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A few of his poems such as "Thyrsis," "Rugby Chapel," "Heine's Grave," and "Haworth Churchyard" are properly called "Elegiac." There is a sense in which two-thirds of his verse is elegiac a somber contemplation of vanished ambitions, a tribute given perforce to a something lost out of his life, he scarcely knew what. It is at this point, as much as at any other, that the superior moral personality of his father appears, a superiority which the son himself was not slow to discern, as he wrote in "Rugby Chapel ":

"to us thou wast still

Cheerful, and helpful, and firm!
Therefore to thee it was given
Many to save with thyself;

And, at the end of thy day,
O faithful shepherd, to come,
Bringing thy sheep in thy hand.

And through thee I believe

In the noble and great who are gone."

Such, as we estimate them, are the salient features in the poetic work of Arnold, nor are we far astray when we summarize his merits and demerits in the statement that he had high ideals as a poet which he had not the gifts fully to realize. He had the "vision divine," though not the "faculty divine"; while no careful reader of his verse can fail to note the evidence on almost every page

of this despairing struggle to make poetic conception and poetic execution accordant. Visible as this feature is in his shorter poems, it is especially apparent in his three longer narrative poems and in his two specific attempts at dramatic writing, in no one of which poems has he approximated to Miltonic or Shakespearean effects.

Conceding as he does in one of his poems,

"The seeds of godlike power are in us still; Gods are we, bards, saints, heroes, if we will,"

the implanted seeds never developed to full maturity, nor did the will to become a master-bard prove sufficient to effect so great a result. In his poem "Self-Deception," he would almost seem to have conceded this limitation, as he writes:—



Ah, whose hand that day through Heaven guided
Man's new spirit, since it was not we?
Ah, who sway'd our choice, and who decided
What our gifts, and what our wants should be?

For, alas! he left us each retaining

Shreds of gifts which he refused in full.

Still these waste us with their hopeless straining,
Still the attempt to use them proves them null.

"And on earth we wander, groping, reeling;
Powers stir in us, stir and disappear.
Ah! and he, who placed our master-feeling,
Fail'd to place that master-feeling clear.

"We but dream we have our wish'd-for powers,
Ends we seek we never shall attain.

Ah! some power exists there, which is ours?
Some end is there, we indeed may gain?"

Here is an acknowledgment of gift and inability in one and an almost pitiful lament over the chasm discovered by the poet himself between ambition and ability. A poet of classic culture and intellectual merit; a poet of unique personality and high poetic dignity, of marked ethical purpose and lofty ideal he still with all his merits falls far short of masterliness in verse. Adopting his own favorite phrase, he is an "interesting," though not a great, poet. He is interesting only because not inspiring, and he is not inspiring because not inspired.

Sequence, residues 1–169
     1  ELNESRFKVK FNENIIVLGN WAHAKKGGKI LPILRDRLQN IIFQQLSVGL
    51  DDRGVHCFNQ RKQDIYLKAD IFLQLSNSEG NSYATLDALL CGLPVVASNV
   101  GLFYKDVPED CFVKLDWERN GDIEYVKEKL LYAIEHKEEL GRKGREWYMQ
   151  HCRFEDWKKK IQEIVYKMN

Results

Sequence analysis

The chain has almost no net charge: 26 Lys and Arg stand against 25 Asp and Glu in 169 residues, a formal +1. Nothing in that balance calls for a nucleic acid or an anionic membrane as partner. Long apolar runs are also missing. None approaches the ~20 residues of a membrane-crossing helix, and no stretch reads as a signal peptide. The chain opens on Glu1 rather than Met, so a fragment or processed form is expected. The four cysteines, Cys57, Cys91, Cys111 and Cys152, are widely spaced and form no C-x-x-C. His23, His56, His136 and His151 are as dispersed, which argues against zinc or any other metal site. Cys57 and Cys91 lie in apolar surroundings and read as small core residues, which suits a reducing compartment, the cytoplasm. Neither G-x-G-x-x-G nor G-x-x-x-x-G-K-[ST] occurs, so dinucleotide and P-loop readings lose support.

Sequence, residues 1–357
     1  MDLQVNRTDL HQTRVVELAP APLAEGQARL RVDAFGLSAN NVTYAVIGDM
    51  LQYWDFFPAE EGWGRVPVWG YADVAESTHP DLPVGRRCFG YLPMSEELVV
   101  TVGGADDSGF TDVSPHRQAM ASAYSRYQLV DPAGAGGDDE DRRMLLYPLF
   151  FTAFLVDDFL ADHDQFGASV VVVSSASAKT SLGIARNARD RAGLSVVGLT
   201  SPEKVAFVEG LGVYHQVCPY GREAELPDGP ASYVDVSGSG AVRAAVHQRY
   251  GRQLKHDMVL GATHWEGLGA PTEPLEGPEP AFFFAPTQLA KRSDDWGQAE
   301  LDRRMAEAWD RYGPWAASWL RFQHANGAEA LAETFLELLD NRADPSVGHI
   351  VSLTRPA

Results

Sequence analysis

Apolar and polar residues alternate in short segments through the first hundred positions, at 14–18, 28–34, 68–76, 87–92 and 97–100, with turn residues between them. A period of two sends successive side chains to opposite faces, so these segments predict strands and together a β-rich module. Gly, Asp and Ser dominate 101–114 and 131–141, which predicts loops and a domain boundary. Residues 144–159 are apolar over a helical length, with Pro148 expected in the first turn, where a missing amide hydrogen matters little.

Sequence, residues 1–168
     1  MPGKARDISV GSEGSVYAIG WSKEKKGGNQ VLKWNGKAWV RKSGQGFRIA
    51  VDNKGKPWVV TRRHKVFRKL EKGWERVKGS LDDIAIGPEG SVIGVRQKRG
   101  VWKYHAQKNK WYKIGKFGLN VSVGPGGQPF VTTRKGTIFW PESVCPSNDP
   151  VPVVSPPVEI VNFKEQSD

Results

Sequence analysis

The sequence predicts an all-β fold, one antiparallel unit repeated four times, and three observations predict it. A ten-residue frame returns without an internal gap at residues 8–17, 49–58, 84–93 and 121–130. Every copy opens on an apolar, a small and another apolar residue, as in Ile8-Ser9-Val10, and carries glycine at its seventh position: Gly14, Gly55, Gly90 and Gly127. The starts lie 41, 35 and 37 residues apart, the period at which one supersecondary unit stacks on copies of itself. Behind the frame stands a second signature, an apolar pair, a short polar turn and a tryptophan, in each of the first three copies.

With some superb lines and passages at distant intervals in his verse there is no extended and even flow of high poetic form in which mind and sou! and art are fused in the unity of great effect, and the reader is carried aloft to the vision of truth and goodness and beauty and love. It is the constant presence of this vain endeavor to be as a poet what he longed to be that is the explanation of that dominant feature of sadness that is so clearly seen in the thoughtful face of Matthew Arnold.



OUR poet was born in the vicinity of London, in 1812, in Camberwell. After his early schooldays and his later educational life at London University, he went to Italy, in 1832, spending in all not less than fifteen years in that land of song and art. It is probable that but few, if any, Englishmen have made themselves more thoroughly acquainted with the language, life, and history of medieval and modern Italy. It is, therefore, matter-of-fact prose as well as poetry when in Gustibus", he writes:

"Open my heart, and you will see

Graved inside of it, Italy.'"

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Bella Italia was ever on his lips, as on those of Mrs. Browning, and it was their mutual delight to sing her praises and defend her interests. would be a pleasing task to trace the history of English poetry from Edward III. to Victoria with the purpose of showing its indebtedness to Italy; to Petrarch and Boccaccio, Boiardo, Ariosto, Tasso,

Bruno, and the gifted Alfieri. Under this specific poetic influence, Browning voluntarily placed himself, and cannot be appreciated as a man or a poet apart from its presence as a primal factor. Not only did his special studies in the monasteries of Venice and Lombardy make him, in a real sense, Anglo-Italian, but, also, his protracted life among the people made him such.

On the basis of natural tendencies, and from the fact that his father was a man of poetic taste and achievement, our author is said to have written verse as early as at ten years of age, thus placing himself in line with Pope and other English bards of premature development. His first production, entitled" Pauline: A Fragment of a Confession," was published in 1833, just as he reached his majority, and was fittingly called by the poet himself, a boyish work." In 1835, at the age of twenty-three, he he wrote Paracelsus," between whose central idea as a poem and that of Goethe's "Faust" many English critics have noted points of marked resemblance. As most first efforts of such minds, these poems were purely tentative and indicative in no high sense establishing his claim to poetic merit, and yet doing something in the line of opening up the way to worthier things. In

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